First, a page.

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A new era in the search for extraterrestrial intelligence

January 4, 2021
Image of planet against black.Renewed interest from NASA and privately funded enterprises, the discovery of exoplanets, and the creation of advanced technology and new search methods are among the reasons the search for extraterrestrial life "may finally escape the giggle factor," writes University of Rochester astrophysicist Adam Frank in the Washington Post. (NASA’s Goddard Space Flight Center)

The search for extraterrestrial life began more than 60 years ago, but “there was never sufficient funding or telescope time available to make a dent in the effort,” writes astrophysicist Adam Frank, the Helen F. and Fred H. Gowen Professor in the Department of Physics and Astronomy at the University of Rochester, in a piece in the Washington Post. “The reason we have not found life elsewhere in the universe is simple: We haven’t really looked.”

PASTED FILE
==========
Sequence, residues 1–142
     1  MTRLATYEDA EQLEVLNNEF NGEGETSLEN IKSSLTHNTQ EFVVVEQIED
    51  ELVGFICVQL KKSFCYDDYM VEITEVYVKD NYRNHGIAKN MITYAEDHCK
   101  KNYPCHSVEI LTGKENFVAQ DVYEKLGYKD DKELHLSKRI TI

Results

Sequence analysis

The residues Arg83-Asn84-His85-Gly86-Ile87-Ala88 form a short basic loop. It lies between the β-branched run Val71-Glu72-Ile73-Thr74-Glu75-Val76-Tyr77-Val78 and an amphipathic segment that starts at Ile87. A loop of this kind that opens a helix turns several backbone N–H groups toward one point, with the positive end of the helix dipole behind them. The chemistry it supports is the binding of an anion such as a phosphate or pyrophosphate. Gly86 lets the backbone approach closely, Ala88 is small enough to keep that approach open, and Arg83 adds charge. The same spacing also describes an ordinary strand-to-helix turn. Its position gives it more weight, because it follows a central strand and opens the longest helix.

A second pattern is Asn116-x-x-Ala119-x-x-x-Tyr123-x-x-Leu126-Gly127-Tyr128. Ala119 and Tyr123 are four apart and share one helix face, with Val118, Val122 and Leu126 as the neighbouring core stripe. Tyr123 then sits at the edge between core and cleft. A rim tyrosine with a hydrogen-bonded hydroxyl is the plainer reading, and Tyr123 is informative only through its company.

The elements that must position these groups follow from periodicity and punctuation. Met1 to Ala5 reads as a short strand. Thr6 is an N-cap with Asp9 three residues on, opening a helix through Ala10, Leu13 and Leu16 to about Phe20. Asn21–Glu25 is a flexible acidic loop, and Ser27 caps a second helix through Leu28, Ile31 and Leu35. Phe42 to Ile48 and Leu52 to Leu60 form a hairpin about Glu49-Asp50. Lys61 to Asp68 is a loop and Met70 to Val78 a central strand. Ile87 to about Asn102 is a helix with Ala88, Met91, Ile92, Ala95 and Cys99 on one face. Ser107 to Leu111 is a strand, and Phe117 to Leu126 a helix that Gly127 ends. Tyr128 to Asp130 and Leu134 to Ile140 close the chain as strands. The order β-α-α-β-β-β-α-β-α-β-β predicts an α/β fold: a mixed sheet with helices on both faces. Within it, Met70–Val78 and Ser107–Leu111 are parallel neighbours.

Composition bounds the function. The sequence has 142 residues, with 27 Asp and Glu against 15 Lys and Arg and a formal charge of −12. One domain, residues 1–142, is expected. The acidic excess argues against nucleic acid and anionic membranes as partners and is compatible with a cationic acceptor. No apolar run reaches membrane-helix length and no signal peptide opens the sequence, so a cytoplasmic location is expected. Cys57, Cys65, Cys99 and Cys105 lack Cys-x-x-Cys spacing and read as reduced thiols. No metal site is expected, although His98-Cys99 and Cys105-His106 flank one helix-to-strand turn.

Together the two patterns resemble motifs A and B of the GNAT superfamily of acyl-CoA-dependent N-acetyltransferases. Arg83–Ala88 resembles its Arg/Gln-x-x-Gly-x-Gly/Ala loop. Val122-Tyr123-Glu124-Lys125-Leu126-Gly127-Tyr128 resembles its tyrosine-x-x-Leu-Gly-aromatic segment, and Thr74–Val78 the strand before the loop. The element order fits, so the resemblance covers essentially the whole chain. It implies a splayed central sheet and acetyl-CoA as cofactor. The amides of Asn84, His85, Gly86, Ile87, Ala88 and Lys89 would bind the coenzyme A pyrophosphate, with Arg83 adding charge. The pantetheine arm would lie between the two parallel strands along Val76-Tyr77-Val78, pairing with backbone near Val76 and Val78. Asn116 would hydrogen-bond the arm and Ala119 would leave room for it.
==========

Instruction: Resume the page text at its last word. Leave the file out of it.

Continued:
Now, however, a “new era of growth” is dawning.

The rejuvenated search for extraterrestrial intelligence is based on several factors, according to Frank: renewed interest from NASA and privately funded enterprises, the discovery of exoplanets, and the creation of advanced technology and new search methods allowing researchers to detect biosignatures and technosignatures that indicate the presence of life. 

“If the trend continues, the search for intelligence in the universe may finally escape the giggle-factor that for so long left it associated with bad sci-fi shows and generic UFO nuttiness,” Frank writes. 

Frank’s research is in the general area of theoretical astrophysics, and in particular, the hydrodynamic and magneto-hydrodynamic evolution of matter ejected from stars. He and his colleagues were recently awarded NASA’s first-ever research grant to study atmospheric technosignatures. A self-described “evangelist of science,” Frank has also been awarded several prestigious honors for his efforts to communicate about science. His most recent book, Light of the Stars (W.W. Norton, 2018) was awarded the 2019 Phi Beta Kappa Award for Science.

Read the full article online.

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Category: Voices & Opinion